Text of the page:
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Home :: Archive :: 1998 :: March ::
Re: Casting
The Shakespeare Conference: SHK 9.0194  Friday, 6 March 1998.

[1]     From:   Tonya Beckman <
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        Date:   Thursday, 5 Mar 1998 10:53:46 EST
        Subj:   Re: SHK 9.0189  Re: Casting

[2]     From:   Larry Weiss <
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        Date:   Friday, 06 Mar 1998 01:29:27 -0500
        Subj:   Re: Casting

[3]     From:   Stevie Simkin <
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        Date:   Friday, 6 Mar 1998 08:57:27 -0000
        Subj:   Re: SHK 9.0187  Re: Racism, Sexism, etc. (Was a Lot of Other
Things)


[1]-----------------------------------------------------------------
From:           Tonya Beckman <
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Date:           Thursday, 5 Mar 1998 10:53:46 EST
Subject: 9.0189  Re: Casting
Comment:        Re: SHK 9.0189  Re: Casting

"Papp's successors have treated us to a spate of African kings of
England, all perfectly good actors (and probably quite pricey), but none
particularly adept at classical acting, or even legitimate theatre."

It seems to me that the majority of the actors at Shakespeare in the
Park aren't particularly adept at theatre, white or black.

[2]-----------------------------------------------------------------
From:           Larry Weiss <
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Date:           Friday, 06 Mar 1998 01:29:27 -0500
Subject:        Re: Casting

I hoped and expected that my inquiry about atypical casting would
generate some heat.  I also suspected that the debate would resolve
itself into the question, familiar to subscribers on this list, of
whether the plays have any intrinsic meanings apart from whatever the
director and actors choose to make of them on any particular day.

Matthew Gretzinger makes that point as baldly as I have seen it put; he
says: "No dramatic text is complete until it is interpreted and
performed, there is no such thing as a dimension that the author 'did
not put there.'"  The second part of that sentence does not follow from
the first, which is, of course, unobjectionable, even tautological.  But
I submit that that plays do have plots, characters, themes and, in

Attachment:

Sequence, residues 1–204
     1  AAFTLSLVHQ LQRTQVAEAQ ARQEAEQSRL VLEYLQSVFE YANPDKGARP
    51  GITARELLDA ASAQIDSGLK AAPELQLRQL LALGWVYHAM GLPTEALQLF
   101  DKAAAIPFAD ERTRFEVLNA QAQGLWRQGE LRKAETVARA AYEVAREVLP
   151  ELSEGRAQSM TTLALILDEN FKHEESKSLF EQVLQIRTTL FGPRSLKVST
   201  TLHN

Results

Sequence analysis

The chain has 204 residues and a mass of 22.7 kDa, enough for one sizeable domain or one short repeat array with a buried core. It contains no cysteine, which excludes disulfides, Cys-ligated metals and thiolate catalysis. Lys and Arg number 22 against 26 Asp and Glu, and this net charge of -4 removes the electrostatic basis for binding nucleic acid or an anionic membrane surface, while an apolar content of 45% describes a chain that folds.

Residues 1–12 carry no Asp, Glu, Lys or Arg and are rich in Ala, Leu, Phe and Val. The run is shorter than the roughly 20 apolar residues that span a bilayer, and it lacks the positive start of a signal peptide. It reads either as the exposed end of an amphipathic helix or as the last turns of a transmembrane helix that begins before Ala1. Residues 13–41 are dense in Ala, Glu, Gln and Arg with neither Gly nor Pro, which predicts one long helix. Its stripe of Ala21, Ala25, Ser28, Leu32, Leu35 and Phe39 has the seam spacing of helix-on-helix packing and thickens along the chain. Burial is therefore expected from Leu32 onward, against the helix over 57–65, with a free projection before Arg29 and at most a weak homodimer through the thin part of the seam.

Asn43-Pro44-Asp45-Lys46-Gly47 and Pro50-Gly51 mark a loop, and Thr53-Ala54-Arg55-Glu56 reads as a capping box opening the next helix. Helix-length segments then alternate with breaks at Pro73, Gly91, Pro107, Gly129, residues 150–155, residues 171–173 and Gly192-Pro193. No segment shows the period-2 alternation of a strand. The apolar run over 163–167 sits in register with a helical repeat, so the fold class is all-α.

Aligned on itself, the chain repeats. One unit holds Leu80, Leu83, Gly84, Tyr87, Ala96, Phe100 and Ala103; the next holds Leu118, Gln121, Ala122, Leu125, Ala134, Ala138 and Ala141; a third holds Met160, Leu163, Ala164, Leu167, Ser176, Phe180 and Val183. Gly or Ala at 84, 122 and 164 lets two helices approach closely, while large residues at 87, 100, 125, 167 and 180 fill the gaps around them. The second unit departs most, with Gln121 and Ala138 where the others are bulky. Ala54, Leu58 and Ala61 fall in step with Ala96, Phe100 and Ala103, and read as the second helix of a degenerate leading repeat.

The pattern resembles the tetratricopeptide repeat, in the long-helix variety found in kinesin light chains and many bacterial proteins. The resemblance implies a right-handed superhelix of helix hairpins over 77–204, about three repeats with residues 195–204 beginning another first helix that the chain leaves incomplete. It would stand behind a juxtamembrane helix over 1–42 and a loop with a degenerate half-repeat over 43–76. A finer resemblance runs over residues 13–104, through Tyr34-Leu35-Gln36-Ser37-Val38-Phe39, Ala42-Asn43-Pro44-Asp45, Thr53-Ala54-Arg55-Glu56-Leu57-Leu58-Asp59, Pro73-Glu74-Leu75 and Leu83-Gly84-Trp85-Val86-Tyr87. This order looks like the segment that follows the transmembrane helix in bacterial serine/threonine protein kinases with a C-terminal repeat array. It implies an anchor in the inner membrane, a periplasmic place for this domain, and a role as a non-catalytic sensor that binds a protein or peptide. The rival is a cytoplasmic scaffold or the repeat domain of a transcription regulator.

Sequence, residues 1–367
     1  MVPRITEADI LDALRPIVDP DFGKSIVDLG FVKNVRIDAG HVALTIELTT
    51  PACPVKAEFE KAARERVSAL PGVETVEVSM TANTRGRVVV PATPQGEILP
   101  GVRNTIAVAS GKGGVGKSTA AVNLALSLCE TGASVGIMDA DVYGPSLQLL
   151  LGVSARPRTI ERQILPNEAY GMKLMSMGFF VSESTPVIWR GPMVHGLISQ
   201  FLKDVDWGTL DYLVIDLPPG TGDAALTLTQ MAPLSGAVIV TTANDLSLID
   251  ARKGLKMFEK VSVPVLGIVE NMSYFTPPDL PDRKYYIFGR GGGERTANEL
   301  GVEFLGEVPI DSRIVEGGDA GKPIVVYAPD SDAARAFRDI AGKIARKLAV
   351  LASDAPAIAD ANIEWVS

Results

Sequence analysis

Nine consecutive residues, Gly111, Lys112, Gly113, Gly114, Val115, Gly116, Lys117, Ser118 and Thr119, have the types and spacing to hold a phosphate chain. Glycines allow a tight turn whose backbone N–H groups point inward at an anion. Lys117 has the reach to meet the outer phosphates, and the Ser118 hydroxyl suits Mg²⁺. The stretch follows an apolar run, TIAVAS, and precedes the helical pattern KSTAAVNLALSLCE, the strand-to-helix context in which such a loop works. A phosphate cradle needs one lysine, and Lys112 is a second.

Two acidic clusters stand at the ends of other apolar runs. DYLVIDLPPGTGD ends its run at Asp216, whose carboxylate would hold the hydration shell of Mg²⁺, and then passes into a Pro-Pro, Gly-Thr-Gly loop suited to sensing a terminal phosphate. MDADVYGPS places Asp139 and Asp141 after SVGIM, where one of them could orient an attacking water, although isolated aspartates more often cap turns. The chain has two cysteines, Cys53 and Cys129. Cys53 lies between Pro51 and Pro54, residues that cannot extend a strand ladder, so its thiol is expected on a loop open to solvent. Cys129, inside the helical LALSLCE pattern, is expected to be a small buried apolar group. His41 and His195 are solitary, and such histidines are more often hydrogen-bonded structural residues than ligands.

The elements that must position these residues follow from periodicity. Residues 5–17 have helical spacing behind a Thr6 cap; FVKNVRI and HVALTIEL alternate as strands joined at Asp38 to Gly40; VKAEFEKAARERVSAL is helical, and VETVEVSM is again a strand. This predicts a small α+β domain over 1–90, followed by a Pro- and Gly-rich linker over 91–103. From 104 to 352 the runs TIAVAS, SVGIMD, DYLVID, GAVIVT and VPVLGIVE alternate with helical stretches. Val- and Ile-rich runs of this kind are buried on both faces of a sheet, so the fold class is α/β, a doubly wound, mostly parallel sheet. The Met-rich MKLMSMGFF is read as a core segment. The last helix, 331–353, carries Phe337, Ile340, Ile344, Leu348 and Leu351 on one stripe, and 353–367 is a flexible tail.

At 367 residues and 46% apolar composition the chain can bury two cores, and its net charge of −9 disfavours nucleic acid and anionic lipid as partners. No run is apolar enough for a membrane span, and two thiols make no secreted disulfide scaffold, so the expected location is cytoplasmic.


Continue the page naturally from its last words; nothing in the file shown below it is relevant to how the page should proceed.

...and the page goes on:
short, "dimensions," prior to the intervention of the cast.  And, more
to the point, there are things that are just not in a play.
Coincidentally, the review of a recent Twelfth Night which Harry Hill
was good enough to pass along in another thread makes this point
brilliantly.  There is no way that Twelfth Night is about the treatment
of slaves in the ante-bellum South, and no amount of sophistry can
convince a fair minded person that Shakespeare "put it there."

But I can see Mr. Gretzinger's point, albeit by employing a thought
process similar to that used by psychiatrists who try to enter their
patients' delusions.  To someone who sees no inherent meaning in the
plays, for whom the characters are shapeless and infinitely malleable,
casting is indeed a matter of indifference.  A fat bearded bald man with
a limp can play Juliet, and isn't it a pity that we never saw Shirley
Temple's interpretation of Lear.  I wonder if Mr. Gretzinger finds the
Richard III scenes in "The Goodbye Girl" the least bit funny.  If he
does, what is he laughing about if not the absurdity of grossly revising
a character?

For most of us, the characters in the plays are old or young, male or
female, black or white, etc.  And, since the actor's job is to persuade
us that he is the thing he portrays, isn't it part of his function to
seem to be old, female or white, if that is what his character is?   I
do not argue that a young actor cannot play an old part (the history of
the theatre is full of examples of this), but to do so he needs to act
old, otherwise he is reciting, not acting.  As I said in my last post,
men can play women (and vice versa), but by pretending to be women.  If
Olivier could play Othello in black makeup, can't Laurence Fishburne
play Iago in white makeup?  Is one more demeaning than the other; and
isn't it racist to suggest that it?   The heart of my thesis is that no
actor is disqualified from playing any role he or she can mimic
convincingly, but that every actor is foreclosed from playing a part he
is unable to carry persuasively, regardless of the nature of the
inability.  None of the replies to my post addresses that essential
point.

Karen Elizabeth Berrigan says that she was not "confused" by Denzel
Washington's portrayal of Don Pedro in Branagh's Much Ado, even though
his brother was played by a white man.  While I do not agree with Ms.
Berrigan's high marks for his performance (although I do agree with her
about Keanu Reeves and Michael Keaton), and while Washington would not